Damien Chazelle’s La La Land doesn’t really take place in the city of Los Angeles. The story is set in the mythic Hollywood of cinephiles and hopeless romantics. Emma Stone and Ryan Gosling are likeable and give the impression that anyone can sing and dance, but the real star of the movie is the city.
Shot in a mash-up of cinematic style from Minnelli to Cukor, Demy to Donan, the film tell its tale of an aspiring actress and a jazz pianist in a purely visual way. If you took away the dialogue and set the movie to an instrumental score, it would be pretty clear what was going on inside and outside the minds of Stone and Gosling’s star crossed lovers.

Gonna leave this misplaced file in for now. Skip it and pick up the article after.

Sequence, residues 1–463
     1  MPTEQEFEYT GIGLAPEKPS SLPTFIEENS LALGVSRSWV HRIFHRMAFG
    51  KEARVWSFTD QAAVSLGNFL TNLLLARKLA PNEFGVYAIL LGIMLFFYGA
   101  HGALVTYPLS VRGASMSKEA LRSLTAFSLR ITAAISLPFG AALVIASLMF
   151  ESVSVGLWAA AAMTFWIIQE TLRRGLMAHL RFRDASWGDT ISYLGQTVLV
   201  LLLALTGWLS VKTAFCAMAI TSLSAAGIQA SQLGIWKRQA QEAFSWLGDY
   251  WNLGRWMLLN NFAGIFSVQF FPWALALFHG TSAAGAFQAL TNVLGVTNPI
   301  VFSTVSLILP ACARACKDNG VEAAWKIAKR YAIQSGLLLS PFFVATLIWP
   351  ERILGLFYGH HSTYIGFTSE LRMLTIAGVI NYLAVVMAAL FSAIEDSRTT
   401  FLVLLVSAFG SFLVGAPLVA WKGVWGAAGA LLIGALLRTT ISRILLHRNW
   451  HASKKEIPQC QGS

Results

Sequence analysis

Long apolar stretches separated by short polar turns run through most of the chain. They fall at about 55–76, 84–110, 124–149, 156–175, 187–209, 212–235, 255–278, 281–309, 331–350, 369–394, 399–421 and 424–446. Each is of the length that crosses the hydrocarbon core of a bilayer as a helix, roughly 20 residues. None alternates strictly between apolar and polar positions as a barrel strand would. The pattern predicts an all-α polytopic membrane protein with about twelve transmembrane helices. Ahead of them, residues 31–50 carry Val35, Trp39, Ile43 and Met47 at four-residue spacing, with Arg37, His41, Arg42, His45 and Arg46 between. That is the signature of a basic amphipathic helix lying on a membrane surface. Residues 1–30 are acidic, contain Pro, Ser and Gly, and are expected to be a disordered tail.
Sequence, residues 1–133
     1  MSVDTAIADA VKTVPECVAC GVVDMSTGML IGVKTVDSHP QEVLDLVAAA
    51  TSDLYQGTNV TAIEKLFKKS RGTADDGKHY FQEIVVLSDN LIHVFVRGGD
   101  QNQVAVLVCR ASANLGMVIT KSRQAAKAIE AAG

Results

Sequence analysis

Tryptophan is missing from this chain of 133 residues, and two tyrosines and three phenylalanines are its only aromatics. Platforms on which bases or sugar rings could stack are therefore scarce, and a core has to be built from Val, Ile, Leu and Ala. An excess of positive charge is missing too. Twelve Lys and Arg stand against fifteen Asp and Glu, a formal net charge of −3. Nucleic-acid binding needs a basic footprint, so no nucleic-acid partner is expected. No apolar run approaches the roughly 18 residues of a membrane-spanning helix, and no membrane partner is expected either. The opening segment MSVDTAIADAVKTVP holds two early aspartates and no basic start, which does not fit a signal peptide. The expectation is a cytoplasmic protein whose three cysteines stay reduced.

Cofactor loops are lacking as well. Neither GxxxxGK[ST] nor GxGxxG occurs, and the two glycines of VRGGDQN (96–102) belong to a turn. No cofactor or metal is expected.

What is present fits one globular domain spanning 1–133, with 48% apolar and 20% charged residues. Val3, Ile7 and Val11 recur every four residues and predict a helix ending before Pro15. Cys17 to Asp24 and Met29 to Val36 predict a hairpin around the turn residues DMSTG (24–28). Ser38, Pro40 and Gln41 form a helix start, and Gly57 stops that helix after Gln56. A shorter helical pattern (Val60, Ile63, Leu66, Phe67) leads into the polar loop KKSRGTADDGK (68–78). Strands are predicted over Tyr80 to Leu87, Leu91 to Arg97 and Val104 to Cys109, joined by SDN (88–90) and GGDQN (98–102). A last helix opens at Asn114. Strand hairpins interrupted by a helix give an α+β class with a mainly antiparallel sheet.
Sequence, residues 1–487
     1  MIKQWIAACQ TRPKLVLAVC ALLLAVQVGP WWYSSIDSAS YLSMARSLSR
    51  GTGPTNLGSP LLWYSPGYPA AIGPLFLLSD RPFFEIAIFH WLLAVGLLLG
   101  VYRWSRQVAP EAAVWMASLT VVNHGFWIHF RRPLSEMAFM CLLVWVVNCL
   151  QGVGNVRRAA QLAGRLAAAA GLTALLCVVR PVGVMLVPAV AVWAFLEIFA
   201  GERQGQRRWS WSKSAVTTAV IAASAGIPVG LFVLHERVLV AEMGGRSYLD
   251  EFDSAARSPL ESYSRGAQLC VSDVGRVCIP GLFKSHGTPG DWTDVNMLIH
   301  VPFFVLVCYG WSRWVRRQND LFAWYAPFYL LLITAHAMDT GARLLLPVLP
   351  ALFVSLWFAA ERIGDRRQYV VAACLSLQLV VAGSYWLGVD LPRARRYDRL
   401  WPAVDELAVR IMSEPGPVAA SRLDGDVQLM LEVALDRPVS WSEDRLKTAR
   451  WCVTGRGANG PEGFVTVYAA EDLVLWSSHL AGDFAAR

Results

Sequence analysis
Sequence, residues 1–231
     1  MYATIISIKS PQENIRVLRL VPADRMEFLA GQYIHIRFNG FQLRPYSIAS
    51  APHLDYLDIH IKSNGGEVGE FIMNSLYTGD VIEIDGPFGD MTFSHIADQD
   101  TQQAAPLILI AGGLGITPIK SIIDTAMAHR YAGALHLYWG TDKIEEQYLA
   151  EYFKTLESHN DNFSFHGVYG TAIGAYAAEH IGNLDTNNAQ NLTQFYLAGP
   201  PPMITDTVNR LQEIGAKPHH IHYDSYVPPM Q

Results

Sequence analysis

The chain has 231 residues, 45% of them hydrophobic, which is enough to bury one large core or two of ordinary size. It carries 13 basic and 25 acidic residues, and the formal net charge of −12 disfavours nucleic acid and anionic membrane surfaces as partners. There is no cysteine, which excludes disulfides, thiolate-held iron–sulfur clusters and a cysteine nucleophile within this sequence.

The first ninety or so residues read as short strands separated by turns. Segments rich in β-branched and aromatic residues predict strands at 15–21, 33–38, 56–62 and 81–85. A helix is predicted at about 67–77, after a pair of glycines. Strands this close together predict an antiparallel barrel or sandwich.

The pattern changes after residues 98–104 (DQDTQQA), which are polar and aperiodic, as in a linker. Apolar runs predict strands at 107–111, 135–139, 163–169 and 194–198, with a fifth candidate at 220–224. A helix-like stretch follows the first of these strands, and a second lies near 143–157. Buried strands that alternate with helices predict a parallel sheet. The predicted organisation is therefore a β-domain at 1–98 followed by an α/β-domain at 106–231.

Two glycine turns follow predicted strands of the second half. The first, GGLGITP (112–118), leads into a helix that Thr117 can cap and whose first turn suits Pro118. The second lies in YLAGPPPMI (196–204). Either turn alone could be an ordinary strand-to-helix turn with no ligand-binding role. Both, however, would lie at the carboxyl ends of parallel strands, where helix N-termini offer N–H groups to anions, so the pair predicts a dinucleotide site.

A jazz score might not be your cup of tea, unless its background music for a detective story, and the limited use of the supporting cast, relegated to a Busby Berkeley showgirl sort of purgatory, may appear to be a missed opportunity, but the focus is on two self possessed people in an Antonioni landscape. If a young Jean-Luc Goddard made a musical in LA, this is what it might look like.